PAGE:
Exploring Old Photographs: Cabinet Cards

First Baptist Church Cabinet Card from 1897. Courtesy of First Baptist Church of Delaware. Via Ohio Memory.

A few weeks ago we began to explore 19th century photographs by learning some tips for identifying and dating cartes de visite. This week we’ll learn about the popular successor to cartes: cabinet cards.

Caswell Samson, Toledo, Ohio, ca. 1890. Courtesy of Toledo Lucas County Public Library. Via Ohio Memory.

Cabinet cards were first introduced in 1863 by a photography studio in London, England; they made their way to the US in 1866. Like cartes de visite, cabinet cards were photographic prints mounted on cardstock. However, cabinet cards measured 4 ¼ x 6 ½ inches—roughly three times the size of a carte. While the smaller cartes were designed for sharing and collecting, the larger size of cabinet cards made them suitable for display on a shelf or (not surprisingly) in a cabinet.

Early cabinet cards tended to mimic the straightforward portrait style of cartes de visite. However, photographers gradually realized that the larger format could allow for more creativity. Edward L. Wilson, editor of The Philadelphia Photographer, championed cabinet cards in the hope that they would encourage customers to make more studio visits. Photography studios began to provide decorative backdrops, props, costumes, and sometimes even hair styling and cosmetics, making a visit to the studio a creative and entertaining experience. Skilled studio artists could correct wrinkles and blemishes, add color, and even superimpose images of props if actual props weren’t available. Cabinet cards became not just a way to document someone’s appearance, but to reflect their life.

Young child with ornate background and backmark from the same card, ca. 1880-1900. Courtesy of Ashtabula County District Library. Via Ohio Memory.

By the 1880s, cabinet cards were the world’s favorite photographic format, and their popularity continued through the following decade. Here are some tips for dating cabinet cards:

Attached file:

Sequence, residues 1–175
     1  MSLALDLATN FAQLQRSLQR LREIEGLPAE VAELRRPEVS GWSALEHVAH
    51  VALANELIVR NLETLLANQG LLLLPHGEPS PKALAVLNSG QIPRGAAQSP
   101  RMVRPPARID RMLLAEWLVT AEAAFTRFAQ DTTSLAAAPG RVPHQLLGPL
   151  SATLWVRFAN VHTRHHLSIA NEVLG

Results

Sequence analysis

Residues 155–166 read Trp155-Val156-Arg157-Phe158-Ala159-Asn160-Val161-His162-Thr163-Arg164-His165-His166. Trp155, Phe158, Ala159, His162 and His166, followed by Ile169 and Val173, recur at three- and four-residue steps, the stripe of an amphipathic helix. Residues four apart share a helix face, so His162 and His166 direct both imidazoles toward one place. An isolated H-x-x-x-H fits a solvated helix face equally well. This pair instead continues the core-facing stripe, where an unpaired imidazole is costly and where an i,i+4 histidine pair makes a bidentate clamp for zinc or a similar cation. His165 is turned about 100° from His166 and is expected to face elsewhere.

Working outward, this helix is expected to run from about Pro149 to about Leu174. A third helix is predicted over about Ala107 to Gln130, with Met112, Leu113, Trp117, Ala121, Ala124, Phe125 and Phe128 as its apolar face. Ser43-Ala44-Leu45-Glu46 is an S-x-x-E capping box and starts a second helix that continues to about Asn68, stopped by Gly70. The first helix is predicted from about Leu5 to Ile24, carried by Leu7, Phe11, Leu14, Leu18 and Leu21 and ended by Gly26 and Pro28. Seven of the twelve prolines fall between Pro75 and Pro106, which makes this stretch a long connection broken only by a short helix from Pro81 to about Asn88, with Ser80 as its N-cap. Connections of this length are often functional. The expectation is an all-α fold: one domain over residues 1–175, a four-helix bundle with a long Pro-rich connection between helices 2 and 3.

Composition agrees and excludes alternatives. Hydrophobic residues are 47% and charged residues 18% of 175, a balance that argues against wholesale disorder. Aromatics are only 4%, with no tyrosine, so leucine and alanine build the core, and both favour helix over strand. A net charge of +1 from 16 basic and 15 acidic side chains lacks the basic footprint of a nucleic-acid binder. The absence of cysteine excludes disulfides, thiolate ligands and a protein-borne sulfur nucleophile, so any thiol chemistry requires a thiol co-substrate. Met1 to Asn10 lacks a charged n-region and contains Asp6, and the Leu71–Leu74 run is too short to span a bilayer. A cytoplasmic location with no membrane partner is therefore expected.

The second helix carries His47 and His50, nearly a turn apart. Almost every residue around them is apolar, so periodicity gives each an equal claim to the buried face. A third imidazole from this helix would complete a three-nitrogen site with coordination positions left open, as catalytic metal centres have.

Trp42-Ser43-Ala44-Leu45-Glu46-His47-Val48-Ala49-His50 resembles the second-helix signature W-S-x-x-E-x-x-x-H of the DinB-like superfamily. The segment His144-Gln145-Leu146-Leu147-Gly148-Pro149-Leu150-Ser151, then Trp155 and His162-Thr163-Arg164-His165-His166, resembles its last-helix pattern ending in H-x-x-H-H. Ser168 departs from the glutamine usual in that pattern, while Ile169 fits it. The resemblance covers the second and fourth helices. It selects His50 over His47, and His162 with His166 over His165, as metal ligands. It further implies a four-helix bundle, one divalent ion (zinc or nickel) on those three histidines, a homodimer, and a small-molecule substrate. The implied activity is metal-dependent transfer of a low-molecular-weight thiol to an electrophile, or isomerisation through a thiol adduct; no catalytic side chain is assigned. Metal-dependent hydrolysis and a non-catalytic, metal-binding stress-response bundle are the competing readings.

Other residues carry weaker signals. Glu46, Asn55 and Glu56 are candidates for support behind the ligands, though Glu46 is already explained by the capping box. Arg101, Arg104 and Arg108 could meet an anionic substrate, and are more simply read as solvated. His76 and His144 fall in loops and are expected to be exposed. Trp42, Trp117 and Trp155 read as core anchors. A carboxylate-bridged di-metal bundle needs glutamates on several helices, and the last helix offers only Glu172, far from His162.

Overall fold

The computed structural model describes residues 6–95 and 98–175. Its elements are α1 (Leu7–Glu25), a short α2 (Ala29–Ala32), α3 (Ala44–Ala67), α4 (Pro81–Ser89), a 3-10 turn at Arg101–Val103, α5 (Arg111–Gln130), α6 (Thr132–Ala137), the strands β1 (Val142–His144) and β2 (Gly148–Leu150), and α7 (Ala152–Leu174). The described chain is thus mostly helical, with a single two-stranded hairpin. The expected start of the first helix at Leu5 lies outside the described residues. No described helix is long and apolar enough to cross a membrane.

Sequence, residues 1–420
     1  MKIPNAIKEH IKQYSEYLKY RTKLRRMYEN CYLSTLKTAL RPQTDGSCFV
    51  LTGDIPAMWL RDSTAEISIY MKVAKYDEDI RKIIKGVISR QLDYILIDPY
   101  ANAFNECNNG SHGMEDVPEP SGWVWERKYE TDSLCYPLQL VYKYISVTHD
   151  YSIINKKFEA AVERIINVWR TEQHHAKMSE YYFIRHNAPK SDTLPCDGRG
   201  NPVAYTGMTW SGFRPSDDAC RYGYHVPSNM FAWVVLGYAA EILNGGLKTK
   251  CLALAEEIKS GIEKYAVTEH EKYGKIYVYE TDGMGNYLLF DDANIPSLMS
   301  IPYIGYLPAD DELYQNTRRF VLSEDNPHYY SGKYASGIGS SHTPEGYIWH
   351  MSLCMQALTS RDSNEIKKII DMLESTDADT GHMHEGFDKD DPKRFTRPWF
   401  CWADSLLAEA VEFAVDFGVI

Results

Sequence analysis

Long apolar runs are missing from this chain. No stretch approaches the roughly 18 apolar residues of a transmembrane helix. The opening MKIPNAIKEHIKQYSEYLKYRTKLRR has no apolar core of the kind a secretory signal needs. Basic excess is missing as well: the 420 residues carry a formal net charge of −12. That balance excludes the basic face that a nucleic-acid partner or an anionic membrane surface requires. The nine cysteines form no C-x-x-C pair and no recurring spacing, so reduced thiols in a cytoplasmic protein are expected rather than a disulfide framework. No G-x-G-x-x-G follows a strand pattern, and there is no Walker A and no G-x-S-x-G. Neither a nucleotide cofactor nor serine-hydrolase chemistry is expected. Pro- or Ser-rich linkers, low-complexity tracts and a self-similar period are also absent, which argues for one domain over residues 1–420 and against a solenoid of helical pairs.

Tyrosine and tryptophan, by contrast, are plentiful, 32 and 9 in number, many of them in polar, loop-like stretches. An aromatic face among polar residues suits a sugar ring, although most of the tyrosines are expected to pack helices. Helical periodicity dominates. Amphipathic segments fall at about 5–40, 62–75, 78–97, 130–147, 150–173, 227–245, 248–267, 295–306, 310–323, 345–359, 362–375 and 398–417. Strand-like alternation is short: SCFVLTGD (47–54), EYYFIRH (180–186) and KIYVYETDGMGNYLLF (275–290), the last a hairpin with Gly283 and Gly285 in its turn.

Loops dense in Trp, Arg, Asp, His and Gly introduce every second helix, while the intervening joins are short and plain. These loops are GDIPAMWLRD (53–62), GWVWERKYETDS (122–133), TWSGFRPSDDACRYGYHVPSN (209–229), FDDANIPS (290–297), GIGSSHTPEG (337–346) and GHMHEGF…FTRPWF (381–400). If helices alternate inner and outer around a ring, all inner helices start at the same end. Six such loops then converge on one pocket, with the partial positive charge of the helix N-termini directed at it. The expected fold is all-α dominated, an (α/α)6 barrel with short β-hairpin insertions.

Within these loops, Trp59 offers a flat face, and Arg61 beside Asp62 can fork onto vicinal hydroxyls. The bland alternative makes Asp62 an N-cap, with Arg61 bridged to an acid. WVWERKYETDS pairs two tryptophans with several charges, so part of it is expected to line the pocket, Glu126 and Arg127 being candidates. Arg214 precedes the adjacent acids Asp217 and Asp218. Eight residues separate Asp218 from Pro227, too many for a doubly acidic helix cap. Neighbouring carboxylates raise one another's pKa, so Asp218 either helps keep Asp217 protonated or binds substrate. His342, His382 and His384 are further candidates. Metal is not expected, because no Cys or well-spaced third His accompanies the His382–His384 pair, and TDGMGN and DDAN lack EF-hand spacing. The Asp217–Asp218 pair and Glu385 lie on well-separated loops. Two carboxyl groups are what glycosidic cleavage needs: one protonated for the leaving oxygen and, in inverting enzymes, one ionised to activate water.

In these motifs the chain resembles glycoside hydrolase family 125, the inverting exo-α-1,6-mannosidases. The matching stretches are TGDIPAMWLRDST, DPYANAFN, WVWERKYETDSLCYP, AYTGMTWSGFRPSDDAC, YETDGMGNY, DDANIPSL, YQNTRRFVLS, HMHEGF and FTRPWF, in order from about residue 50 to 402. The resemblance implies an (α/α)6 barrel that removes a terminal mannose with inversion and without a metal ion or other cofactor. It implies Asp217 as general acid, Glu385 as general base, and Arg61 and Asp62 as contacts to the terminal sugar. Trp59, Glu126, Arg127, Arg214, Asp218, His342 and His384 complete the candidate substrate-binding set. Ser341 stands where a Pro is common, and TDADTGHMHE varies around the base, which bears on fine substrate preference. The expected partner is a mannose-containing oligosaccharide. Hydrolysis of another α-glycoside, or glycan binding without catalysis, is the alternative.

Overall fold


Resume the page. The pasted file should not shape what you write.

• Most cabinet cards have a sepia-toned image. A true black-and-white image was likely made during or after the 1890s.
  • White and cream cards were always popular. Darker card mounts (such as burgundy, dark green, and black) became popular in the 1880s-1890s. Mounts in the 1890s sometimes featured scalloped edges.
  • Lettering and decorative elements can also help date a photo. Pre-1880 cabinet cards generally have the photographer’s name printed in plain type below the photo and on the back. From the 1880s forward, the photographer’s name appeared in more ornate text below the photograph, and the back of the card featured increasingly artistic lettering and illustrations. The decoration on the back of the card is called a backmark; printing companies offered customizable options that photographers could select from sample books.
  • As always, fashion can be helpful when dating photos; hairstyles and clothing can provide valuable clues.

Although cabinet cards were still produced during the early decades of the 20th century, their popularity declined after 1900—the year Eastman Kodak introduced the Brownie camera. Stay tuned for the third and final installment of this series, which will cover real photo postcards and the rise of amateur photography.

Thank you to Stephanie Michaels, Research and Catalog Services Librarian at the State Library of Ohio, for this week’s post!

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